I want to buy Windows 7 licenses for the computers in my office. It has over 50 PCs.
So, what kind of license do I need to buy from Microsoft?
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Microsoft Volume licensing is best for you , just select the region and order from here
The OEM license should be accepted when installing, but if you do not use OEM media then you will need to call Microsoft's activation hotline to complete the activation process.
Purchaser owns the license, but OEM licenses are not transferable between computers - they must stay on the computer they were sold with.
You can also go for individual copies( product key activated) for your company PC's - To obtain a new genuine Windows 7 product key, you'll need to buy an additional copy of the same edition of Windows 7, which contains a product key that you can use. For more information about how to get Windows 7 in your country or region, go to the Shop webpage. You can also purchase Windows 7 at retail locations.
Hope that helps
You need to 'audit' your computers to discover what you already have .. you also need to check how much RAM is installed (anything with less than 4Gb is likley too old to run Win7) - for typical 'office' use you will only need Win7 32 bit .. and talking of 'office' use don't forget you will need MS Office licences ... plus, of course, unless you are using Linux Servers you will also need Client Licences ..
Of course, all the computers will have been purchased with some sort of MS OS Licence, so for many you only need to pay for an 'upgrade' licence, HOWEVER as already pointed out, chances are Microsoft Volume Licensing will end up being the cheapest overall.
Windows 7 can be downloaded from MS official 'distribution partner' == Digital River' ...
Finally, with >50 PC's you REALLY SHOULD be employing a SysAdmin (if you are the SysAdmin, get the business owners to put you on a 'proper' course and get qualified MCSE or similar - because Licensing is just the tip of the ice-berg when if comes to maintaining a business system 'Domain' with'Active Directory' ..)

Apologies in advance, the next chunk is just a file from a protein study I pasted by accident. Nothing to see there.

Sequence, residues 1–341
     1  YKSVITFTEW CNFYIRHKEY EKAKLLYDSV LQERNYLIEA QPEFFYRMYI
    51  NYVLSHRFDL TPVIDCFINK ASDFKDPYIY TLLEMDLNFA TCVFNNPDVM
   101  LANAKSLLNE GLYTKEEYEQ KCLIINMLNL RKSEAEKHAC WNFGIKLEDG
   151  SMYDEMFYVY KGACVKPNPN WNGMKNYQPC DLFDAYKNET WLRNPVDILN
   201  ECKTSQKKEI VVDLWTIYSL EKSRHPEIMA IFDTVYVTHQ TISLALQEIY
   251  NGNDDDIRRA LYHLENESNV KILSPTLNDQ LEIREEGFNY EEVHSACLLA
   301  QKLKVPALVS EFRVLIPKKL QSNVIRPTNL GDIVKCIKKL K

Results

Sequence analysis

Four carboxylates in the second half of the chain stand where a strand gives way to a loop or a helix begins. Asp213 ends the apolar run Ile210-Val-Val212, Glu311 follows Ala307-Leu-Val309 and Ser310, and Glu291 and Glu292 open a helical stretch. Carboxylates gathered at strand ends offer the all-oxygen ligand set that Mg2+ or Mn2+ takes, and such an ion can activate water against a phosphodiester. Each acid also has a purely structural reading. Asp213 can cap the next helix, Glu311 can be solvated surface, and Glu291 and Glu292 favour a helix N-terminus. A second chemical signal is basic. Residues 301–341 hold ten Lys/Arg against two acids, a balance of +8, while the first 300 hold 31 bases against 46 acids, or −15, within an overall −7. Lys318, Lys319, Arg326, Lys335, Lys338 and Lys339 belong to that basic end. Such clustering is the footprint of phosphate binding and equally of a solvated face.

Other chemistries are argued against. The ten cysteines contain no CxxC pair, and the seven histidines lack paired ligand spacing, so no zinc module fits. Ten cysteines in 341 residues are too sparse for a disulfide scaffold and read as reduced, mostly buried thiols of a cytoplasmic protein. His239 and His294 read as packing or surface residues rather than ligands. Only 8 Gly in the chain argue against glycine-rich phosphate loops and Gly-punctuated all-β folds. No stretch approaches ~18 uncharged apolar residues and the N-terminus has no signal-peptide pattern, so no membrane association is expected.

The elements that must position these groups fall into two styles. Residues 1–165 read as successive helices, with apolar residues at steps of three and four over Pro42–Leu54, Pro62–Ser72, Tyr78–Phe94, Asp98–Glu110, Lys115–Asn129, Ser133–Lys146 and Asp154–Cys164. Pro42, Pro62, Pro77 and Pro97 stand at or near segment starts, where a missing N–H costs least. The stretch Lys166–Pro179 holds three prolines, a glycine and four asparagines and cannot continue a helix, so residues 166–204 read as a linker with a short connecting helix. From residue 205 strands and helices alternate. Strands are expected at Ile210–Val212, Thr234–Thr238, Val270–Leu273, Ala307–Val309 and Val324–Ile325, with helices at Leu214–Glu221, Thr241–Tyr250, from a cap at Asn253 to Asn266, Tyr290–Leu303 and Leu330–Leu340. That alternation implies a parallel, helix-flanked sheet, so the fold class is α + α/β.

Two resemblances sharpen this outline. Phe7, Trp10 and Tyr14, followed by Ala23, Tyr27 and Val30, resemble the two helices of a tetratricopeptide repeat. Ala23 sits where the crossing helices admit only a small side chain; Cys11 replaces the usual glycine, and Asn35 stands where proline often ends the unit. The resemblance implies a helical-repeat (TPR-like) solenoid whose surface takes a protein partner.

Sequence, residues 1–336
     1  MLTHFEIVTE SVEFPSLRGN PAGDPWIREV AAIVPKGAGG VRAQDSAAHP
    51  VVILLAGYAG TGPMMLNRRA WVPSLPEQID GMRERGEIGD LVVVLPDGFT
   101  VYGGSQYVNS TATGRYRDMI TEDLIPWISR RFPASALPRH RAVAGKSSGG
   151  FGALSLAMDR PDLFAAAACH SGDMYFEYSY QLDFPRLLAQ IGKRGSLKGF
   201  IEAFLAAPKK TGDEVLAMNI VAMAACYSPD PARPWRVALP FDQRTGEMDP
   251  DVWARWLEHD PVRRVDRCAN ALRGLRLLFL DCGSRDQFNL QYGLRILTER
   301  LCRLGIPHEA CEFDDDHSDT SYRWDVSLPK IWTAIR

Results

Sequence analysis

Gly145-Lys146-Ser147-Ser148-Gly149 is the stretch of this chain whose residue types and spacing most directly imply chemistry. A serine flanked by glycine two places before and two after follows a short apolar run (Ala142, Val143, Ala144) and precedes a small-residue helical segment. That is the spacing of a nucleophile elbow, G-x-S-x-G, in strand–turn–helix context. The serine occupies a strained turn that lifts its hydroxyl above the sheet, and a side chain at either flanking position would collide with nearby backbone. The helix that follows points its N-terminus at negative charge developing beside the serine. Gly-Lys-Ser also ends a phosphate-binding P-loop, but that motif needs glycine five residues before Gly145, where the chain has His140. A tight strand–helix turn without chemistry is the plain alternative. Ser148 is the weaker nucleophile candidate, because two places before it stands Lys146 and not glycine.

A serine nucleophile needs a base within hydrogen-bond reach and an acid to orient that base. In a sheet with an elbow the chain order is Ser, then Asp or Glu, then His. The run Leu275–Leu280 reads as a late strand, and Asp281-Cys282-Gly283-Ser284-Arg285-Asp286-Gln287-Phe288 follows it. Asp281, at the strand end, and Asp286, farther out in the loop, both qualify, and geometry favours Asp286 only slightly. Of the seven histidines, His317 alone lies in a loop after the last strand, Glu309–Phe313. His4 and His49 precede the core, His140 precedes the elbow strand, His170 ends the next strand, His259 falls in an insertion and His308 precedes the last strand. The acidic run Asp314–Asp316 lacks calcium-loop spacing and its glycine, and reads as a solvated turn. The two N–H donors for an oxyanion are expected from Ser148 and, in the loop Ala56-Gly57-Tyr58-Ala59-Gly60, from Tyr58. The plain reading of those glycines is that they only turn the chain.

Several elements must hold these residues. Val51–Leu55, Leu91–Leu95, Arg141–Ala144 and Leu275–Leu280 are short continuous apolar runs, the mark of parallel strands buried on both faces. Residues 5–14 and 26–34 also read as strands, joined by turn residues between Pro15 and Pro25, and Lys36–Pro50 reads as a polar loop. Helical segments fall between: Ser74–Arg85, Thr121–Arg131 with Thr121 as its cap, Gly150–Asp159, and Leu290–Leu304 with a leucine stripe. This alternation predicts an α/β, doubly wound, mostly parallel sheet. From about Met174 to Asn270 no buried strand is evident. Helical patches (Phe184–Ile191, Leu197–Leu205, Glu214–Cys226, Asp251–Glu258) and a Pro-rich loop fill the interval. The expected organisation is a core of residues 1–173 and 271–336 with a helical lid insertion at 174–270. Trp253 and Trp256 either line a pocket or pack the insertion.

If the PCs in your office have OEM licenses (stickers that indicate they are licensed with the copy of Windows 7 you wish to use), you can use those licenses. According to the EULA, the sticker on the machine must remain intact and you should keep receipts/invoices for the computers.
Be aware that there are certain networking restrctions on certain versions of Windows OEM products. Read the EULA for the versions you have installed to be sure you do not violate these restrictions.
You cannot transfer these licenses to another computer should you otherwise get rid of a PC with an OEM license. OEM licenses are married to the computer they are installed on and have an OEM sticker on.
You can purchase individual OEM licenses for the computer (using OEM System Builder licenses), but those licenses are tied to the machine they are installed on. You would need to purchase one license per PC.
This is the least cost-effective option. You can purchase full copies of Windows 7 and replace the existing OEM licenses with them. According to the EULA, you must keep box the product packaging that the licenses come with, and documentation for proof of purchase.
If the PCs have OEM licenses but you wish to use a different version of Windows (for instance, they are licensed for Windows Vista or 7 Home Premium and you want 7 Professional), you can buy upgrade licenses to replace them. According to the EULA, you must use upgrade licenses to replace an existing legal OEM or retail installation, and keep proof of purchase documentation.
Contrary to popular belief, this is usually not a cost effective solution, but it's an easy to maintain one. A volume license agreement with Microsoft allows you to purchase one license that allows up to a certain number of installations, provided that the installations are on a PC that already has an existing OEM or retail OS installed.
These licenses can be moved around and removed as long as you do not exceed the number of installations allowed by the agreement.
This is just my recommendation to you, but I manage the IT department of a company that is rapidly expanding, and it has become harder as time goes by to keep track of licensing. A volume license agreement takes care of this hassle, but regardless, a worthwile investment would be looking into an asset management software or database that will track your license usage and alert you if there are any compliance issues.
I use Spiceworks in my company and it does pretty well keeping track of things.